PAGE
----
Did you know?

Click any word in a definition or example to find the entry for that word

A defeat in a game or competition - thesaurus

Synonyms

defeat

noun

failure to win a competition or to succeed in doing something

rout

noun

a complete defeat of an opponent in a battle, competition, or election

beating

noun

a bad defeat in a game, competition, or election

fall

noun

someone’s defeat or loss of power

massacre

noun

informal a serious defeat in a game or competition

elimination

noun

defeat in a competition

revenge

noun

the defeat of an opponent or team that previously defeated you in a sports event

drubbing

noun

informal a defeat in which someone loses very easily

licking

noun

informal an occasion when someone is easily defeated in a game or competition

demolition

noun

informal an easy defeat in a game or competition

pwnage

noun

very informal the act or fact of being defeated very easily and completely, especially in a computer game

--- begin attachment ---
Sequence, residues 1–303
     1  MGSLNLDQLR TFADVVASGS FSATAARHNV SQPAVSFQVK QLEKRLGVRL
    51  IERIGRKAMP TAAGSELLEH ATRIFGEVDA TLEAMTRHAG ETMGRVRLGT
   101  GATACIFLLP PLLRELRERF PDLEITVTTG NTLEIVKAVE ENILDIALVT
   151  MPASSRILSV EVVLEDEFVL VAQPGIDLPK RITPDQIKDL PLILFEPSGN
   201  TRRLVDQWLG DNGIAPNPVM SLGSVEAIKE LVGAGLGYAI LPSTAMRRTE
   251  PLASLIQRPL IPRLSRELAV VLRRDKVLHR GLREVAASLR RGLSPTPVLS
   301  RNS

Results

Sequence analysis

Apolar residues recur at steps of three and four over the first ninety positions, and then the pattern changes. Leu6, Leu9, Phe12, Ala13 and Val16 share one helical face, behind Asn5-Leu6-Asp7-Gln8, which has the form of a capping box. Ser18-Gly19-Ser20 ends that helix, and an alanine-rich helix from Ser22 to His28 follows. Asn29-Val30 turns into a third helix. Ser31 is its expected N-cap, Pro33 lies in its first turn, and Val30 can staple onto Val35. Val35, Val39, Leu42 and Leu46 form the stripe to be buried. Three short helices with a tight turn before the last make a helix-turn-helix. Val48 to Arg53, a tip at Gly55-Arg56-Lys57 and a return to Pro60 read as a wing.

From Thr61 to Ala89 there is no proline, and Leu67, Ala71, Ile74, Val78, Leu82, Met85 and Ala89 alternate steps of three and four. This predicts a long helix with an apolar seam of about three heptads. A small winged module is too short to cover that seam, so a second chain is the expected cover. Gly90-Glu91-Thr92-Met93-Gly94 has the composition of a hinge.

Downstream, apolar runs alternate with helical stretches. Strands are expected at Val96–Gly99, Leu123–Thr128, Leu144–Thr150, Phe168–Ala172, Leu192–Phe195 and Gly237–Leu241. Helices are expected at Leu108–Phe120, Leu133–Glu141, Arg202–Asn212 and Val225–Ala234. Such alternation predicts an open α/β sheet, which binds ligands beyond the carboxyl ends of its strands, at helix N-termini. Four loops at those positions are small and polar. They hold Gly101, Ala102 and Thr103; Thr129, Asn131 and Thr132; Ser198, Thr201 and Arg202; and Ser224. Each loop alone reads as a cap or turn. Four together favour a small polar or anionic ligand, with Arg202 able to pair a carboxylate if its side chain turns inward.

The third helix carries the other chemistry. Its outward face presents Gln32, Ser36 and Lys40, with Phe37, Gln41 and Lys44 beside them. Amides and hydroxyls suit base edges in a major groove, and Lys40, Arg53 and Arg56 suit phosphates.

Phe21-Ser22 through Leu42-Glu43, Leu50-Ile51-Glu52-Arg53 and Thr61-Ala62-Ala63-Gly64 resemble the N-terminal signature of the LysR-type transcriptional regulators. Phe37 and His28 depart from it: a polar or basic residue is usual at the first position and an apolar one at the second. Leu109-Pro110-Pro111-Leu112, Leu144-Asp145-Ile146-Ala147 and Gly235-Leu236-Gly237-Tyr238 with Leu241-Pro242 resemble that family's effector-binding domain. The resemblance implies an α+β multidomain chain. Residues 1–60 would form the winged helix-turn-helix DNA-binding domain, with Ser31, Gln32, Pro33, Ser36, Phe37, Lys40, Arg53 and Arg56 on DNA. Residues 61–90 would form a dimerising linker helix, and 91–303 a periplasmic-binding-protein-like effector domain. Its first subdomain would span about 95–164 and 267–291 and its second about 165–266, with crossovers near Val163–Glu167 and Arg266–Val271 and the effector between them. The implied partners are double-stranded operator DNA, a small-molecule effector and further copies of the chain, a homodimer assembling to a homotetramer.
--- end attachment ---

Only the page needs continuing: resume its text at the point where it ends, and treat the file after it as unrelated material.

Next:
Show me more
Show me less

More synonyms

a winning/losing streak

a series of wins/losses following one after another in a game or sport

demolition job

noun

Britishinformal a complete and easy defeat

hammering

noun

informal an occasion when someone is defeated easily

hiding

noun

a heavy defeat in a game or competition

pasting

noun

Britishinformal a severe defeat, especially in a game

scalp

noun

informal someone who you have defeated or punished

smackdown

noun

a defeat or reprimand that makes someone feel embarrassed and ashamed

whipping

noun

informal a defeat in a game or competition

BuzzWord

gaslight

to manipulate someone psychologically so that they begin to question their own perceptions and memories

BuzzWord Article

Open Dictionary

Dunning-Kruger effect

the phenomenon by which an incompetent person is too incompetent to understand his own incompetence

add a word

Blog

A must for anyone with an interest in the changing face of language. The Macmillan Dictionary blog explores English as it is spoken around the world today.

global English and language change from our blog
Macmillan learn live love play